Blogging the War: Too Close for Comfort

by Brian on August 7, 2006

in In the News,Living Through Terror,War with Hezbollah

This article was posted on on Sunday, August 6, 2006. The link is here.

Missile lands ten minutes from my daughter’s camp.

Last week I wrote that my
12-year-old daughter, Merav, was scheduled to depart for two weeks of
camp at Kibbutz Shluchot, just south of the town of Bet Shean in the
northern Jordan Valley. In my post, I questioned whether it was
irresponsible to send Merav that much closer to the front, despite the
fact that nothing had happened at Bet Shean nor was anything expected
to at the time. In the end, we decided to continue with our “normal
life” and Merav climbed happily onto the camp bus that Friday morning.

then, my concern last week, less than a week after camp had started,
when I received a frantic call on my cell phone from the father of
Merav’s friend Shayna who was at the camp with her. “Did you hear?” the
father asked breathlessly. “Sirens just went off in Bet Shean.”

minute later, the phone rang again. It was another parent who had just
spoken with his daughter. “She said she heard a big boom,” he said and
asked if I had any more information. I didn’t – there was nothing on
any of the Internet sites I’ve been monitoring constantly since the
conflict began.

After several tense minutes where I
incessantly pushed the “refresh” button on my browser, a headline
finally appeared: a long-range missile had penetrated into Israel the
farthest of any to date, landing in Bet Shean proper, while another hit
an open field somewhere between Bet Shean and the West Bank city of

Bet Shean is 10 minutes north of Kibbutz Shluchot – a
veritable gulf in this war of missiles. Still, that didn’t particularly
put my mind at ease, considering that at the very moment the missile
was striking ground, my daughter Merav was not at the kibbutz at all.
She had been come down with a nasty stomach ache that morning, and the
camp nurse sent her to the closest HMO doctor…yes, where else, but in
Bet Shean.

Now, I know the chance of the one missile Hezbollah
has fired at Bet Shean actually hitting the exact spot where Merav was
traveling at that moment was very low. But yesterday’s strike in Kfar
Giladi that killed a crowd of 10 people who were standing in a
wide-open field shows that sometimes one’s worst fears of being in the wrong place at the wrong time really do come

Until we located Merav, I was shaking.

a very long 20 minutes, my wife, Jody, got a hold of Kenny, one of the
camp directors, on his cell phone and he told us that Merav had just
returned and was heading to the infirmary to take the pills the doctor
had prescribed. We learned further that the camp had taken to the
kibbutz bomb shelter for a drill that morning (Merav later told us she
had done the real thing at the doctor’s office, spending 15 minutes in
the shelter there).

They were taking all precautions, Kenny
reassured us, and were in touch with the home front command for any
further instructions. We were not to worry.

The missile that
landed near Merav is, fortunately, one of only a few long-range rockets
Hezbollah has left. The IDF has been particularly effective at knocking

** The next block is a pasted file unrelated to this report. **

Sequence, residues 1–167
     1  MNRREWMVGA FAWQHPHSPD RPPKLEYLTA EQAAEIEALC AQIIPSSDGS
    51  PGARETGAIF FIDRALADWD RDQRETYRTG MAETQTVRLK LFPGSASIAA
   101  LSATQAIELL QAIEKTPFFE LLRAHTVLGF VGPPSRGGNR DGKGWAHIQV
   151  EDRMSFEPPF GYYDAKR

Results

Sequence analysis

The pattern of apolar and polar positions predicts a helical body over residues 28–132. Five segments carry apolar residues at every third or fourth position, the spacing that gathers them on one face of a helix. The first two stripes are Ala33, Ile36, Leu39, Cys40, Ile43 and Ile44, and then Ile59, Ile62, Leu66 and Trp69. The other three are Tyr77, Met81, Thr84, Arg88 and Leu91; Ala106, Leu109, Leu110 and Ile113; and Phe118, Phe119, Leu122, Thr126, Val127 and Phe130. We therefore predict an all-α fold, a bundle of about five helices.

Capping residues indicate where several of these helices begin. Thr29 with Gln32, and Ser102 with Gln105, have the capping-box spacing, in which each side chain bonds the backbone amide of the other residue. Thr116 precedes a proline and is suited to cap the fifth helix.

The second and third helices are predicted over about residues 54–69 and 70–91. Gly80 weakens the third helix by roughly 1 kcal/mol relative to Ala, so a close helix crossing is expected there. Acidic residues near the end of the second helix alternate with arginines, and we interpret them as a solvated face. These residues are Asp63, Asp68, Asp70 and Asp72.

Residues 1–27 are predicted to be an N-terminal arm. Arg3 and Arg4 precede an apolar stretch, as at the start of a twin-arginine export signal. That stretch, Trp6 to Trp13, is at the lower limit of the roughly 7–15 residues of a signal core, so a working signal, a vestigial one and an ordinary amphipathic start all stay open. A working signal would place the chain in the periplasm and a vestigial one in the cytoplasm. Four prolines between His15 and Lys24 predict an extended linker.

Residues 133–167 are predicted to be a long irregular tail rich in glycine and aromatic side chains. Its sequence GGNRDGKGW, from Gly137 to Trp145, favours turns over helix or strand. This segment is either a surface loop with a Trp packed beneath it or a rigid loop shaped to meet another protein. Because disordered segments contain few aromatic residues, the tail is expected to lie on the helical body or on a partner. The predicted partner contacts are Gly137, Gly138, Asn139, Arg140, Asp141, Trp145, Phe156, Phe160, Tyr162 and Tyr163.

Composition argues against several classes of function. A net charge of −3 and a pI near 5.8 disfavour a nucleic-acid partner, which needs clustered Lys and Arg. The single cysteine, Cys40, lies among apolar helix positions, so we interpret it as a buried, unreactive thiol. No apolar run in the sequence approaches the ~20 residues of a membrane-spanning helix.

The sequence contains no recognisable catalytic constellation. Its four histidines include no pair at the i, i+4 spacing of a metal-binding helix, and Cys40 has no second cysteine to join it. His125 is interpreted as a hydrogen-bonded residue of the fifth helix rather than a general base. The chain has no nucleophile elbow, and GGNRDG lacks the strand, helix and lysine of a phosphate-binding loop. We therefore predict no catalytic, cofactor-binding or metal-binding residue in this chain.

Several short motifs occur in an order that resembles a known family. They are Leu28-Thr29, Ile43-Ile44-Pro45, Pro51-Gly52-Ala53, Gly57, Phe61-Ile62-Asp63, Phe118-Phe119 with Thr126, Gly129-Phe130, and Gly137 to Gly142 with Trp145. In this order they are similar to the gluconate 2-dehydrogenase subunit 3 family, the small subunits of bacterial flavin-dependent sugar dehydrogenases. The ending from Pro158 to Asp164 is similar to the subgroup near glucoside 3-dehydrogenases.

out these weapons. It’s the thousands of short-range missiles that pose
a more constant threat to Israel’s north. It was one of those that
caused the deaths at Kfar Giladi.

about the same time as the missile was landing on Bet Shean, I received
an e-mail from an irate reader who took exception with my post on
sending Merav to camp in the first place. In his particularly
ill-tempered message, he called me a variety of names I will not stoop
to print here, but his message was clear: Either I am “in denial” or am
“unbelievably cavalier” he wrote. “You think sending your kid closer to
the border war is OK, because that means you are not taking a defeatist
attitude? That’s a bunch of s–t if I ever heard it.”

After the
missile that landed near Bet Shean, I was momentarily inclined to agree
with him, despite his foul language. But then my unpleasant
correspondent continued on to shoot himself in the foot (not an easy
task given that his pedestrian appendage was inserted firmly in mouth).

“Imagine if the U.S. was in a border skirmish with Mexican
terrorists,” he wrote, “and I decided to let my kid go to summer camp
in San Diego or La Jolla, Calif., a stone’s throw from the border? How
stupid would I have to be to do that?”

Other than the fact that
I have family living in both the aforementioned southern California
cities who would be equally offended at his accusation, I have to ask:
what would my tormentor do instead? If everyone took his approach, all
terrorists would have to do is hit a few well-situated locations in the
U.S. and, eventually, the entire population would wind up confined to a
tiny corner of Wisconsin. Guess who’d win the global war on terror then?

didn’t send Merav to camp in order to fight. But we’re not pulling her
out either, despite our concerns and the Katyusha that landed too close
for comfort. The big bully who wrote might call me cavalier. If so,
then bring on the cavalry.

{ 1 comment… read it below or add one }

1 Anonymous August 7, 2006 at 4:12 pm

The irate American may be pleased to know that in Arizona, at the Organ Pipe Cactus National Monument (the southern border of which is on the International border), the National Park Service has closed almost one-half of the monument to visitation due to the threat of violence by illegal border crossers.
Even though it may be the prudent thing to do, the Park Service is actually ceding ownership of the monument. I was very saddened to learn of this during my visit in Jan 2006.
If the girls' families and Israel were to follow the same logical as the Park Service, there would soon be no Israel.
I realize that this is an extreme comparison, but at some level, I hope you'll agree, it is very apt.

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